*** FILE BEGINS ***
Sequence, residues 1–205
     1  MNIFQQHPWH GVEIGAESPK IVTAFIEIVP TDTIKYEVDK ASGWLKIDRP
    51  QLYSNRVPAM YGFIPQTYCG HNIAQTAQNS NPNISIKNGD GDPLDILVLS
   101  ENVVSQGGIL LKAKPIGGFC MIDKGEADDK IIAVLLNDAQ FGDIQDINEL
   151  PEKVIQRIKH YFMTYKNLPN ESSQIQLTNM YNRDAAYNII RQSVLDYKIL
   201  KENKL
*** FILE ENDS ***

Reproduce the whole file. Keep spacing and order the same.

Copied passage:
Sequence, residues 1–205
     1  MNIFQQHPWH GVEIGAESPK IVTAFIEIVP TDTIKYEVDK ASGWLKIDRP
    51  QLYSNRVPAM YGFIPQTYCG HNIAQTAQNS NPNISIKNGD GDPLDILVLS
   101  ENVVSQGGIL LKAKPIGGFC MIDKGEADDK IIAVLLNDAQ FGDIQDINEL
   151  PEKVIQRIKH YFMTYKNLPN ESSQIQLTNM YNRDAAYNII RQSVLDYKIL
   201  KENKL